"Critical milestones remain elusive" for the Seattle Police Department as it attempts to reform a pattern of misconduct, according to a report submitted to US District Court today by Merrick Bobb, a federally appointed monitor overseeing city's progress to meet a 2012 settlement agreement.
More than any other area, Bobb notes problems with the slow pace to track data and adequately oversee officers: "The Monitor has been concerned with, and quite frustrated by, the Department’s struggles to self-initiate, self-manage, and solve problems in some areas—particularly those related to technology and supervision." Without attacking individuals, the report telegraphs who is to blame while notably withholding any praise for the interim police chief or many assistant chiefs.
The report goes on to detail issues with "an irrational and convoluted system" for officer discipline, lagging internal investigations when officers have shot a suspect, and an entrenched culture that resists reform from the the brass all the way down the rank-and-file.
There are several positive comments, too, including praise for the "herculean effort" to train some 1,300 officers this spring on new force policies, the mayor's proactive involvement in reform, and a Community Police Commission's "constructive, thoughtful, and timely" advice on improving police policies.
However, much of the report is a symphony of dog-whistles and mixed-signals.
Bobb avoids directly blasting SPD officials responsible for the shortcomings, while being generous to the political players to the point of being somewhat contradictory.
For example, the report gushes with vague praise for Mayor Ed Murray—using language that implies contempt for former mayor Mike McGinn—but goes on to thoroughly blast the foot-dragging, obstinacy, and backward behavior caused by the very SPD leadership that Murray appointed. The report declares, "Perhaps the most hopeful turn of events in the last six months has been the active involvement of the Mayor’s Office in its oversight of the SPD," which is a shout-out to the mayor for his cooperation and a diss his predecessor's aloofness. But at the same time, the monitor notes that "the most significant substantive achievement and area of progress over the last six months" are new rules for using force, making stops, and avoiding biased policing—all policies developed and submitted to the court under the previous mayor and chief, before Murray took office.
The monitor tracked incidents in which Seattle police officers used force on suspects. Type I are more mild uses or force; type III use of force is most serious, including great bodily harm or death.
Murray also appointed interim police chief Harry Bailey, who cleared the SPD's upper decks in January and notably appointed Mike Washburn as his chief of staff and Nick Metz to oversee much of the department's information technology work. It is these two assistant chiefs who now face the most criticism. The monitor notes problems with providing enough supervisors to officers on the street—a problem that falls under Washburn's purview.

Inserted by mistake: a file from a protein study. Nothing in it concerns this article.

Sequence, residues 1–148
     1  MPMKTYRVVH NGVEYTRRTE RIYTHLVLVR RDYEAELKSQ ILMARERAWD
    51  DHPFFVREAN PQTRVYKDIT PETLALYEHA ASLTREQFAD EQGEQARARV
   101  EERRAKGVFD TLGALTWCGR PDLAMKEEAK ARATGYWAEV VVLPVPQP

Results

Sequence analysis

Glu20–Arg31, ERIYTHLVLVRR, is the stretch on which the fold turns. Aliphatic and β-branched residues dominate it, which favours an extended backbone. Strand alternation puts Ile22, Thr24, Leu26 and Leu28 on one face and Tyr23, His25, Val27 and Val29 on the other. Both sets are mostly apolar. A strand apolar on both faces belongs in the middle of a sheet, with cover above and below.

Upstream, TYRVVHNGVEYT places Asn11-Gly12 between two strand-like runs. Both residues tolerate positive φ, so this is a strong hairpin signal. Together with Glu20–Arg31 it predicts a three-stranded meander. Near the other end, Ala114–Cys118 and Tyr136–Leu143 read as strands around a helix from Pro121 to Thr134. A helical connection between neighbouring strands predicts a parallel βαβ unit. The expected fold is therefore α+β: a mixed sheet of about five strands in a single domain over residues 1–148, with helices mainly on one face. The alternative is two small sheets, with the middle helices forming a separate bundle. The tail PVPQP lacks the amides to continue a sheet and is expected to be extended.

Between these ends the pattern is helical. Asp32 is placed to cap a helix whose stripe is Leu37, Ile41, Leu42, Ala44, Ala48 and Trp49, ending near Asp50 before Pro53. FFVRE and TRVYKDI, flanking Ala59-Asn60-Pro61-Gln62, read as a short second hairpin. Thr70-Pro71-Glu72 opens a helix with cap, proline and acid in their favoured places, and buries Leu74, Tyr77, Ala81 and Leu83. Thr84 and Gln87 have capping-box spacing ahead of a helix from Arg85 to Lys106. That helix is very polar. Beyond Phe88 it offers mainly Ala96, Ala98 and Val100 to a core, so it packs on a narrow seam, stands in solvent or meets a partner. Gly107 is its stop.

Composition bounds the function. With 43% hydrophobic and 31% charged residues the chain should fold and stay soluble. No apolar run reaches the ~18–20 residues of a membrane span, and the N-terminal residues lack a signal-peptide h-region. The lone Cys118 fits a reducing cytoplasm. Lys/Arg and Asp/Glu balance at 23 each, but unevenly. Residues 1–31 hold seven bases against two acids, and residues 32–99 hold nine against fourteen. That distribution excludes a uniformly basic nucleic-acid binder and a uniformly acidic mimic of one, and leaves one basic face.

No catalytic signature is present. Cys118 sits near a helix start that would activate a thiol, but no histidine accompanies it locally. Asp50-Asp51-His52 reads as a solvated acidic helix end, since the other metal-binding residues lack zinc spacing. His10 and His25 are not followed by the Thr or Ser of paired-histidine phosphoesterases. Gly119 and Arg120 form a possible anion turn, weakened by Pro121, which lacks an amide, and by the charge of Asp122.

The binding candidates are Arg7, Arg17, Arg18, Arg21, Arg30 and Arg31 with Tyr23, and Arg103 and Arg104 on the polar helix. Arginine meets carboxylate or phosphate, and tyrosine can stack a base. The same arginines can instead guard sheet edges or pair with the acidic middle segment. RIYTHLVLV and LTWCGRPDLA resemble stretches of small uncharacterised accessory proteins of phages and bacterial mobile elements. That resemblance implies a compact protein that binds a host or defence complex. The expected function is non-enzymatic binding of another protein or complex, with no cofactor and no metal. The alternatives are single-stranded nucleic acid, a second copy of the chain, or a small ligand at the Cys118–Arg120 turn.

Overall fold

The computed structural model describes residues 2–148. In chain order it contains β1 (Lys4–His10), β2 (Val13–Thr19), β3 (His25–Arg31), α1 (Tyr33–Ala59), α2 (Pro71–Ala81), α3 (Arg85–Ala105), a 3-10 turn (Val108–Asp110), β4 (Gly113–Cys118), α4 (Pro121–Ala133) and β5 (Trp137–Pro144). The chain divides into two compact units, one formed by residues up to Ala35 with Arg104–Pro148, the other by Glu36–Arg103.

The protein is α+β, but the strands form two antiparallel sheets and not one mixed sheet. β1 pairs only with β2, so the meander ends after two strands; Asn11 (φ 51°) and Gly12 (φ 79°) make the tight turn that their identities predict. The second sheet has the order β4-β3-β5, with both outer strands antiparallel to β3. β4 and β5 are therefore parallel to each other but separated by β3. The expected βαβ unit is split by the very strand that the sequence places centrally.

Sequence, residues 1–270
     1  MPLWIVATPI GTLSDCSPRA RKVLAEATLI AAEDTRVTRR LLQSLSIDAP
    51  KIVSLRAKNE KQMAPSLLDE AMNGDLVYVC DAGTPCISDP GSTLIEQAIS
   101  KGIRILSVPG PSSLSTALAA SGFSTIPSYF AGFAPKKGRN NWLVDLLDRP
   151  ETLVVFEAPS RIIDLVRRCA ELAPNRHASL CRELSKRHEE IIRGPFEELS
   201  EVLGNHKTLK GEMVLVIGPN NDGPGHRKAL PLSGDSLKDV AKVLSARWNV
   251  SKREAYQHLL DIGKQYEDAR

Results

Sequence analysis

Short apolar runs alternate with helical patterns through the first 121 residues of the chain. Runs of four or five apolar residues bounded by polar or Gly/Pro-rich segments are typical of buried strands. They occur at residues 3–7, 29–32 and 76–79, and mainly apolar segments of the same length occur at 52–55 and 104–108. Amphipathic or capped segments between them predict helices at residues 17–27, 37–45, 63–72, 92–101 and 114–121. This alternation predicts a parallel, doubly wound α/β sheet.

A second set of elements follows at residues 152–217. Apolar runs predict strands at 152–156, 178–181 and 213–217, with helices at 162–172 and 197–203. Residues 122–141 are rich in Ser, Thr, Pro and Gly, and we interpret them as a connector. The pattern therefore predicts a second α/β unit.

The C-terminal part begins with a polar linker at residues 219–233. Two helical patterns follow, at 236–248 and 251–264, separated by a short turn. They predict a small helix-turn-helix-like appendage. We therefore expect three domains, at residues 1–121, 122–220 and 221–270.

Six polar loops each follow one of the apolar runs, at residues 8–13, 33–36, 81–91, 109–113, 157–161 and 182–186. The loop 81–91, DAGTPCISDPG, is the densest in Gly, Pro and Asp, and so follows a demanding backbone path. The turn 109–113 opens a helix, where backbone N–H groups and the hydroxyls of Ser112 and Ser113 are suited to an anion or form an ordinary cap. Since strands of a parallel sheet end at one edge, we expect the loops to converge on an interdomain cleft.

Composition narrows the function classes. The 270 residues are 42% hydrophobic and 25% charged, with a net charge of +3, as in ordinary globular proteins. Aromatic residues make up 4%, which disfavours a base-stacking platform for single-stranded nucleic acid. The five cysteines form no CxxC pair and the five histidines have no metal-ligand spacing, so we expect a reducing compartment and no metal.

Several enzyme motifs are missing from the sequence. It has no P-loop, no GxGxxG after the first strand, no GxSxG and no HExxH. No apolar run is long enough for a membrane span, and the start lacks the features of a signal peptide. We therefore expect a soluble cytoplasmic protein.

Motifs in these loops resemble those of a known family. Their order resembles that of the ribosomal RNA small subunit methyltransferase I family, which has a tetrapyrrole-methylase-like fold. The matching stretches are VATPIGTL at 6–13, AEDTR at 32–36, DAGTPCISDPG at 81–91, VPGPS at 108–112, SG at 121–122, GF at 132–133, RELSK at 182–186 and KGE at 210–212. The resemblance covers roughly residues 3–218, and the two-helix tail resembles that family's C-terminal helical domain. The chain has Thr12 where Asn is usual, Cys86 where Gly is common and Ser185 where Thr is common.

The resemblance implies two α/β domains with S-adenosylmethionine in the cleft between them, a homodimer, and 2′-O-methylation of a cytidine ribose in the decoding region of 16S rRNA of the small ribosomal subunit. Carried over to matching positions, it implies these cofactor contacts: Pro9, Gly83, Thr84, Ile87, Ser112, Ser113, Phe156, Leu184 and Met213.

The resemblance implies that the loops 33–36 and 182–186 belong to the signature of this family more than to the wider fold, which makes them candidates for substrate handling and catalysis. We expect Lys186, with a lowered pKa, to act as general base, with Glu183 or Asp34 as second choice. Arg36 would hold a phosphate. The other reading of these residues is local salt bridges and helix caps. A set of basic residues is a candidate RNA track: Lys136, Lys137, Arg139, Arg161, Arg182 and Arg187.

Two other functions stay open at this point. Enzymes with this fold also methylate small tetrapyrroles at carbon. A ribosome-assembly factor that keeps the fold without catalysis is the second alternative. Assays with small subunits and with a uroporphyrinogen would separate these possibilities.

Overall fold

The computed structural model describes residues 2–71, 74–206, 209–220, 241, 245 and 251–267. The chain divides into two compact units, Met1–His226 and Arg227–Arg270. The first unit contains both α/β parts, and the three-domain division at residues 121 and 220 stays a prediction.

Meanwhile, Metz was the head of the IT Section "for the vast majority of the time period described in this report," the document says. Later in the report, the monitor writes, "SPD’s lack of reliable and accessible data leads to debate about data quality and analytical methods rather than on solving problems and squarely addressing important issues." Bailey also appointed Joe Kessler to run the operations division—and many of the other issue described in the report grew under Kessler's watch.
The report notes that it took several months under the Murray administration to review any officer-involved shootings (a delay caused partly by a new review process and partly by institutional lollygagging). Also delayed was a plan to staff the department with the correct the ratio of supervisors to officers; a workplan submitted in April "does not adequately detail" how that will be achieved. The monitor says the SPD will miss a June 30 deadline for the staffing plan.
Procedures for handling misconduct cases in department's accountability bureau, called the Office of Professional accountability, are also criticized. "Events during the last six months have made clear that SPD’s disciplinary system is byzantine and arcane," says Bobb, referring to a hubbub in which Chief Bailey, backed up by Mayor Murray, exonerated several officers even though they had been previously found guilty of misconduct. "Although the whole of the discipline system will likely need to be overhauled, the specific practice of the Chief being able to unilaterally reduce discipline or settle cases must change."
Meanwhile, the head of the discipline division was kept out of a scene where an officer had shot a man. Bobb wrote, "The Monitor is confident that trained [internal police] investigators can enjoy an expanded role at the scene without compromising the integrity of the [use-of-force] investigation."